Radiation Basics and the General Circulation SO 254 Spring 2017 Earth-Sun Geometry The earths axis is tilted at an angle of (why we have seasons) Boreal (N.H.) Winter Solstice (~21 Dec) Sun directly overhead Tropic of Capricorn Sun never rises above Arctic Circle Sun never sets below Antarctic Circle Tropic of Vernal Equinox (~20 March) Sun directly overhead equator The term Austral is used in the S.H. Borealreference Summer to Solstice (~21 Jun)
(the is Tropic concurrent SunAustral directlysummer overhead of Cancer with the Boreal winter) Sun never sets above Arctic Circle Sun never rises below Antarctic Circle Cancer (~ N) 23.5 Arctic Circle (~ N) Tropic of Capricorn
(~ S) Antarctic Circle (~ S) Autumnal Equinox (~22 September) Sun directly overhead equator Solar radiation (in brief) Radiation from the sun may be characterized by its equivalent blackbody temperature which, in accordance with Plancks Law of blackbody radiation, determines its spectrum. The empirically derived Planck function is: = 1 5 ( 2 / 1) emittance or flux per unit wavelength ()
wavelength () where 1 absolute temperature () constants The spectrum for a particular temperature is illustrated by its Planck curve which plots emittance as a function of wavelength How mathematically would you determine the wavelength where is a maximum? Differentiate the Planck function with respect to , set the derivative equal to zero, and solve for =0 Solar radiation (in brief) How mathematically would you determine the wavelength where is a maximum? Differentiate the Planck function with respect to , set the derivative equal to zero, and solve for This process yields Weins Law: max = where
Solar radiation is concentrated in the visible spectrum (). What would be an estimate for the solar surface temperature? 5780 K (this is pretty close) =0 Solar radiation (in brief) How mathematically would you find the total emittance (or flux density) from the sun at all wavelengths? Integrate over all values of This produces the Stefan-Boltzmann law: = 4 Where is the Stefan-Boltzmann constant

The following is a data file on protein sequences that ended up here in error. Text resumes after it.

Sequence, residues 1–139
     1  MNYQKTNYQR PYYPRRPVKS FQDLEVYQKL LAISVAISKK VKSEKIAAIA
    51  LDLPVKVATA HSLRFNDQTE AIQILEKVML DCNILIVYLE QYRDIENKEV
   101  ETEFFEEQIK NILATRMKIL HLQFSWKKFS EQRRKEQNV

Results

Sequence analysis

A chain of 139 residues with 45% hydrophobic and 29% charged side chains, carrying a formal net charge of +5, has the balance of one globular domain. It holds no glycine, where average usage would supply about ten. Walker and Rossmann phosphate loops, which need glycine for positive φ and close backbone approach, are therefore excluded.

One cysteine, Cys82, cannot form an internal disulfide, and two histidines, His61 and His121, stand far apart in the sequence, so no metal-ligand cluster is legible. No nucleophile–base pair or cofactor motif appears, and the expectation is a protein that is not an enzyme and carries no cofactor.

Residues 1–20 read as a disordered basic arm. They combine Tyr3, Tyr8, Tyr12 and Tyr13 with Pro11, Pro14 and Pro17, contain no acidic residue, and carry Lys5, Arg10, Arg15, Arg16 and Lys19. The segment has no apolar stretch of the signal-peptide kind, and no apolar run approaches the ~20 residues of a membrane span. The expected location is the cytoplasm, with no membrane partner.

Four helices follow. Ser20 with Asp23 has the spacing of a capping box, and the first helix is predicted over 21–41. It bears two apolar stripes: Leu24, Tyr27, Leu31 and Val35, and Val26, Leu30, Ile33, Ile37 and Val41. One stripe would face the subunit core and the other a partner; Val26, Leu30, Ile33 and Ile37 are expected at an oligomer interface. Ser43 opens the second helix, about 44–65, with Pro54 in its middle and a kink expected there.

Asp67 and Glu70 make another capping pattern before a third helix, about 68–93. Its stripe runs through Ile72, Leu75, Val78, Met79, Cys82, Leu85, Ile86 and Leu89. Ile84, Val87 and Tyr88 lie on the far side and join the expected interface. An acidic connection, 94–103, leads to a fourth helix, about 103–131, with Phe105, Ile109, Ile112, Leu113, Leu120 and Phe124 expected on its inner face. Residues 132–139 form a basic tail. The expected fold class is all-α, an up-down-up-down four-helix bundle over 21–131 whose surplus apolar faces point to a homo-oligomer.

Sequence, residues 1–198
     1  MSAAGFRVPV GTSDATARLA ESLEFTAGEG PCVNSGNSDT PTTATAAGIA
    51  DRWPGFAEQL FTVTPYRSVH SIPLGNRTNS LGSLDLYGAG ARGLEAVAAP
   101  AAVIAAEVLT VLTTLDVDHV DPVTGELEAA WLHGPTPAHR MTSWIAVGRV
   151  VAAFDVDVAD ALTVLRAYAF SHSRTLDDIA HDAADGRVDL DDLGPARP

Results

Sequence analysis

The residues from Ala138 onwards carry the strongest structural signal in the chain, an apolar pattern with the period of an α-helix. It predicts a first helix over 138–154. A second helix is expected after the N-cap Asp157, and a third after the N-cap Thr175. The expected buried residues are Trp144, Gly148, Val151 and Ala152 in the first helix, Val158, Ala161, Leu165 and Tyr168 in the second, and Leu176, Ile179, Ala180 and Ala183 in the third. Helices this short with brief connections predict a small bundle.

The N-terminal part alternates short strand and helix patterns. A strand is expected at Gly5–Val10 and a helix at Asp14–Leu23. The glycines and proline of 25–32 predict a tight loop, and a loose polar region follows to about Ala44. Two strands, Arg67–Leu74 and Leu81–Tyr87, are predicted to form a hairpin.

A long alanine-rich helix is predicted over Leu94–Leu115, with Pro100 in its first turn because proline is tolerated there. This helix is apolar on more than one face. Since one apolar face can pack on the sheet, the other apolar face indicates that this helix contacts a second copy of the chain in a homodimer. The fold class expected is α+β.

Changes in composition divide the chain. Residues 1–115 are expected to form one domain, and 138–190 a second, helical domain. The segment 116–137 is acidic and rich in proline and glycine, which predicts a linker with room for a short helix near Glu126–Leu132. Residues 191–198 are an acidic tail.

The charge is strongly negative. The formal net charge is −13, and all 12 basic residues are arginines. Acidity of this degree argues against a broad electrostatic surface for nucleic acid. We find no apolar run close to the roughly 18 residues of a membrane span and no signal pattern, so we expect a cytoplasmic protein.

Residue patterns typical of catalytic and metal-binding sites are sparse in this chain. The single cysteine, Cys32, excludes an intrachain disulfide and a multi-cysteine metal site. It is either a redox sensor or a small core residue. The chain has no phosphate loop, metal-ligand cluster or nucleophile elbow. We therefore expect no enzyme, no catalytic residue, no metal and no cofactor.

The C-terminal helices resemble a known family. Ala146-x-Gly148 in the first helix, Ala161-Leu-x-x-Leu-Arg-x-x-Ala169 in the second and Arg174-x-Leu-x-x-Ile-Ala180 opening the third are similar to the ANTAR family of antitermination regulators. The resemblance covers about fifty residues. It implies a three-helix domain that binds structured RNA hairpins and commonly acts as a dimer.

Solar radiation received at the Earth (primarily visible) is referred to as shortwave radiation or INcoming SOLar radiATION (insolation) Solar emittance attenuates through spreading loss as it travels to earth approximately via a formulation of the inverse square law Solar radiation (in brief) The flux density at any two distances from a point source is given by: 1 12 = 2 22 Calculate the solar flux density reaching the orbital radius of Earth () given a solar surface temperature of and solar radius of Flux density decreases proportionally with the inverse of the square of the distance from the source 1 2
From the Stefan-Boltzmann law, (at the solar surface) is Thus (at Earths orbit) is Terrestrial radiation (in brief) Some incoming solar radiation is reflected back into space vice being absorbed by the Earth system The ratio of reflected to incoming solar radiation is called albedo and is given by: = Albedo varies by surface: Clouds, ice, and snow are particularly good reflectors Global average albedo is about 30% Terrestrial radiation (in brief) Given the average Earth albedo of 30%, we can calculate the equivalent blackbody temperature of the Earth if we assume radiative equilibrium (i.e., no net gain or loss in energy due to radiative transfer)